The rain clouds of depression cut deep. Shawn walked us through the past three years of his life. “I gave up when I broke up with my ex. I could not snap out of my depression. I was embarrassed, and I was drinking to pass the day. I didn’t do drugs and drink to escape, I did it to feel better. I was self medicating. I didn’t drink and do drugs into oblivion, but I was still using them. I no longer use opioids. I didn’t want to feel sick every morning. I wanted to be able to eat, sleep, and most of all not have it consume my life. Using could have driven me to the streets a lot earlier than it did. There were also more emotional issues that led to my homelessness.”
Shawn discusses his last three years on the streets and what homelessness feels like to him. “Since I left my parents’ house, I’ve been on the streets. I don’t spend every night outside, but most. This will be my third winter outside. I slept on that [points at a bench] park bench last night. I don’t usually sleep in the park, but I had to sleep on that sidewalk for two nights last week. It was embarrassing for me. I also stayed in the Warming Center, which is an amazing resource, but it made me feel trapped. There are so many different personalities crammed into one room and it just feels weird. Since it has been getting cold out, there is a sense of panic and everyone is on edge. It makes things harder.”
Shawn highlights the complexity of not holding a permanent address when searching for and maintaining a job. “I have been working pretty much the whole time I have been homeless. In the summers, I work for my dad doing siding and windows, I have also done masonry work for the last few years. It’s hard to have a job when you’re sleeping outside. You don’t have anywhere to shower before or after work. I look forward to days that I am not in physical pain. If you’re 40 and don’t have some aches and pains you probably haven’t worked hard enough. Another big thing for me is that my back is pretty messed up. I am really afraid of hurting myself again. I can get a job as a masonry, but I couldn’t physically do it every day. If I can’t work every day, then I am not going to be able to keep a job.”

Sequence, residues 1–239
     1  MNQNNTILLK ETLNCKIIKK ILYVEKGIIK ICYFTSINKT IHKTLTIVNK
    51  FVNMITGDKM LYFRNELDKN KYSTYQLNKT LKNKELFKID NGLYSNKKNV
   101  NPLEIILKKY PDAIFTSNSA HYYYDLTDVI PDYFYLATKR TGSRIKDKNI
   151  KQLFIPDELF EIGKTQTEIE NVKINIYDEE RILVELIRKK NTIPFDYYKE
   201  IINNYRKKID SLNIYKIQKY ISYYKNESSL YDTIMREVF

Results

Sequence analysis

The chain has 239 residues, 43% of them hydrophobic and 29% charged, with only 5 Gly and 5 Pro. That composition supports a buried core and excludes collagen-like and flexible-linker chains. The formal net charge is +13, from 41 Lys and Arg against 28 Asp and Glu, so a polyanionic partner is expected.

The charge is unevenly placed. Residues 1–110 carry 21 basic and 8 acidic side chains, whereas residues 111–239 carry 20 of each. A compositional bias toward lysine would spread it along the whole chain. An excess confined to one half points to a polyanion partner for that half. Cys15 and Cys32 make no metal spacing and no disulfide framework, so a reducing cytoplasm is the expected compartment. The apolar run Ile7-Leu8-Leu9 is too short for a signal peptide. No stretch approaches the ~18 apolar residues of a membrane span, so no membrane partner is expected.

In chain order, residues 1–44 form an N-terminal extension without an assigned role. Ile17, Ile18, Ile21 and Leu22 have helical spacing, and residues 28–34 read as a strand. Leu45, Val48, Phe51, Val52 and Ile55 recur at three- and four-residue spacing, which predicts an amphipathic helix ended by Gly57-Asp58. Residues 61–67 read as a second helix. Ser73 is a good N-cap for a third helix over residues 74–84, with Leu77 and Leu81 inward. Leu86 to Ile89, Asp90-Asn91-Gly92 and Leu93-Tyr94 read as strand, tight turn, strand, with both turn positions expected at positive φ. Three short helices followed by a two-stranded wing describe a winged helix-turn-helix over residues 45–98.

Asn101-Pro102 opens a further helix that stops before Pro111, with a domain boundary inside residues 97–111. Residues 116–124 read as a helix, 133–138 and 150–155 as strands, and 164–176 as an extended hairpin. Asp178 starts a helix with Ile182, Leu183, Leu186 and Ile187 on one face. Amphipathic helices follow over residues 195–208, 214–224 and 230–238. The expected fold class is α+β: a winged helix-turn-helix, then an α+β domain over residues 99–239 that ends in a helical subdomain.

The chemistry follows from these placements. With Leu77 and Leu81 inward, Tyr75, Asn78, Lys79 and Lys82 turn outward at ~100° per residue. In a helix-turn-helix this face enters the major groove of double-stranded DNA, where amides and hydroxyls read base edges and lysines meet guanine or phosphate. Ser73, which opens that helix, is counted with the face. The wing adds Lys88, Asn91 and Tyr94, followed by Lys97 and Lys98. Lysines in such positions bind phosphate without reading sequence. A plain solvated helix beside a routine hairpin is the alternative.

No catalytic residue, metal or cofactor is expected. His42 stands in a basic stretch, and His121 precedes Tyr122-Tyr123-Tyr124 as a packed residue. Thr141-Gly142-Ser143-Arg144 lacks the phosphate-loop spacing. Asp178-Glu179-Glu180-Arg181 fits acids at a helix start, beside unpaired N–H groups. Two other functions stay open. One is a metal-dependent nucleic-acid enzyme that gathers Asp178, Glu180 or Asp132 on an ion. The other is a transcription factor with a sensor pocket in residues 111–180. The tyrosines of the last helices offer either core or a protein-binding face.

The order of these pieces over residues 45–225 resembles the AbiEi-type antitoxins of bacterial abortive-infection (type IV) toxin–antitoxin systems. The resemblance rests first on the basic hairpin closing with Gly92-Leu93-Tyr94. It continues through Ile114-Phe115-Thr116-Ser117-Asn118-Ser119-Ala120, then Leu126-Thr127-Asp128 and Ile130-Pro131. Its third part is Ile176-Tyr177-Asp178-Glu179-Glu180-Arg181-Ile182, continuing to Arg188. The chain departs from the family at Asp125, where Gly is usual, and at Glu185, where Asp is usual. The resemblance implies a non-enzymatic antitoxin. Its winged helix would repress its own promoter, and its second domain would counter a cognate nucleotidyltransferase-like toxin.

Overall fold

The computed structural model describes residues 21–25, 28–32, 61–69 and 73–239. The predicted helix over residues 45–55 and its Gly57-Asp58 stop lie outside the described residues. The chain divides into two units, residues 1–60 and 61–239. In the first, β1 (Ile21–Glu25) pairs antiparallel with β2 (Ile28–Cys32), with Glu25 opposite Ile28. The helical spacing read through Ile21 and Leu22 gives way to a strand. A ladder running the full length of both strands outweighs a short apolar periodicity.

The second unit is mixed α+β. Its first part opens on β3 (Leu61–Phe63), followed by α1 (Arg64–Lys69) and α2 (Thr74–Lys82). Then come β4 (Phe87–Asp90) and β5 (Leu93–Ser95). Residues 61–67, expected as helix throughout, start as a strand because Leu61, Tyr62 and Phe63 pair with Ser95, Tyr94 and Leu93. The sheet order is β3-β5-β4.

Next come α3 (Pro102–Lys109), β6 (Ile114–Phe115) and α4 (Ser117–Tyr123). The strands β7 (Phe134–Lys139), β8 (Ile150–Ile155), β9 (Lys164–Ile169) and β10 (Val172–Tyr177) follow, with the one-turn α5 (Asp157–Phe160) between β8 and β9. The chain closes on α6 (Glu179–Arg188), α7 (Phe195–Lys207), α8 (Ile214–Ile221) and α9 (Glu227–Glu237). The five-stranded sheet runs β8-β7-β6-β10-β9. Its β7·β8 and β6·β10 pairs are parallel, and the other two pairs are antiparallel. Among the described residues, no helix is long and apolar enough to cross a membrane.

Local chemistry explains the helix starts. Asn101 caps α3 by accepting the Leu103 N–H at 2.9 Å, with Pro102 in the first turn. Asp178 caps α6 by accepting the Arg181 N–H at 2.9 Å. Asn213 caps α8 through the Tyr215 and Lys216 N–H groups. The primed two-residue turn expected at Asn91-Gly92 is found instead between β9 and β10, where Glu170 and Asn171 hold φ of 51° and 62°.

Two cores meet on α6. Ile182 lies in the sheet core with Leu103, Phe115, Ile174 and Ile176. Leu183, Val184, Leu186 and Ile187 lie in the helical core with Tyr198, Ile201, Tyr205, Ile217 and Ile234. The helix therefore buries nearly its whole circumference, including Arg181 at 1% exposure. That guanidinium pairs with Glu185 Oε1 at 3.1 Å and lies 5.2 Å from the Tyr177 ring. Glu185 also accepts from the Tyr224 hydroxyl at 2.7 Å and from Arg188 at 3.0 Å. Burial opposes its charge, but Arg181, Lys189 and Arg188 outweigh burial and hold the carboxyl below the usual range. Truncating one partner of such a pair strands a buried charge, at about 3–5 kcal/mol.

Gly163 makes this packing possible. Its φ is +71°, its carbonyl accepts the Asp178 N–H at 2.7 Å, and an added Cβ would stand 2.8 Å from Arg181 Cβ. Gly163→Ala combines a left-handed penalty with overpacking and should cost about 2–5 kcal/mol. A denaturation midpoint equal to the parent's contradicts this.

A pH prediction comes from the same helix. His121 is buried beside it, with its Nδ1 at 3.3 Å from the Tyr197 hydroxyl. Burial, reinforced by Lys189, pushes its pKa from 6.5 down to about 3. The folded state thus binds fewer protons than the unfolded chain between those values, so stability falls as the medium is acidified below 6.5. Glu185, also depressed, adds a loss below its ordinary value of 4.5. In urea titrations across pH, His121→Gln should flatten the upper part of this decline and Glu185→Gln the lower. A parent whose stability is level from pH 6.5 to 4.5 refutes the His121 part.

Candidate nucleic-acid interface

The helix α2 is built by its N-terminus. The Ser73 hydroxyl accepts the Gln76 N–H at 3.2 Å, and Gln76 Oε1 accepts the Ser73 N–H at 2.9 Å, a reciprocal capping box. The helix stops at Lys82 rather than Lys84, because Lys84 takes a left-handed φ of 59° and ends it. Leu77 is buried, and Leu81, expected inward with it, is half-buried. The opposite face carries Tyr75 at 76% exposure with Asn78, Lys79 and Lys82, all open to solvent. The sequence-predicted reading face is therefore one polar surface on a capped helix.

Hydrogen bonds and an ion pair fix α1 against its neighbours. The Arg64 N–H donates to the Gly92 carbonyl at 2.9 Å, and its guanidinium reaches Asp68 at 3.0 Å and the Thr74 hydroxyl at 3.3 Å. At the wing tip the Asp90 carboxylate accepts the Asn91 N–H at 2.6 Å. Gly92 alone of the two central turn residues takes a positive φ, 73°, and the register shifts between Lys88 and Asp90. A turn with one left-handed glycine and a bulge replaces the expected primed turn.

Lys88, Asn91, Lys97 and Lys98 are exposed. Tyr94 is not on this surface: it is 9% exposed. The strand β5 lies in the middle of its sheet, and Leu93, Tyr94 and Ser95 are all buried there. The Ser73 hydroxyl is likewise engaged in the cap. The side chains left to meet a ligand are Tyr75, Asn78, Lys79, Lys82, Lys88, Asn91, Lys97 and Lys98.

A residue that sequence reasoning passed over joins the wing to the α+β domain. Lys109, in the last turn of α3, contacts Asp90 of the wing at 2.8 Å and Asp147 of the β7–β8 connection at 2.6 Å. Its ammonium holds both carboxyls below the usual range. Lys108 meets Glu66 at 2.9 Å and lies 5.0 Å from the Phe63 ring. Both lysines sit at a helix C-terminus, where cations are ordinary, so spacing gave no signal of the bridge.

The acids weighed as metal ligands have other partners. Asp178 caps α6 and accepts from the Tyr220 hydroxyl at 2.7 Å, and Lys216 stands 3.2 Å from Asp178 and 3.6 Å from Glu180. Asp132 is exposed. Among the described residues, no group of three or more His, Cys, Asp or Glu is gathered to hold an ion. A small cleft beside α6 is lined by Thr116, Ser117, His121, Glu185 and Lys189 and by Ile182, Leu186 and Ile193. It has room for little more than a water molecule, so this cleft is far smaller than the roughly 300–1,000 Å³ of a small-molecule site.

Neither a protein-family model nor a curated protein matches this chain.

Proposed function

A final message from Shawn echoes that we are never alone and help is often closer than we realize. “There’s a lot of things that have added up to my being homeless. With my depression, it is really hard to not give up a lot of days. I can feel it coming on, kind of like a common cold or the flu and then all of a sudden it hangs over me like a rain cloud for the next few days. In my future, I want to have a job, a car, and a house with all of the utilities in my name. It’s so hard to do though when you are so f***ing sad. Things spiral faster than you will realize. There’s a lot of help that I was not ready to take. No matter how alone you feel, you are never alone. Even when you’re at the bottom and you don’t see anyway out, someone will be there to help you. That person probably isn’t as far away as you think either. When people offer to help, let them.”
Authors’ Note: Many of us felt and still feel the challenges of this year and others. We face new, sometimes unimaginable challenges. We want to take time to recognize that no one should have to deal with those thoughts or that pain alone. We are providing some resources that can help. Reach out to those around you and take time to care. Love each other and be kind.
National Alliance on Mental Illness
Artist’s Note: Some days are harder than others, but Shawn lives every day helping others. There is always sunshine in the distance. Never give up hope of having that sunshine on your face.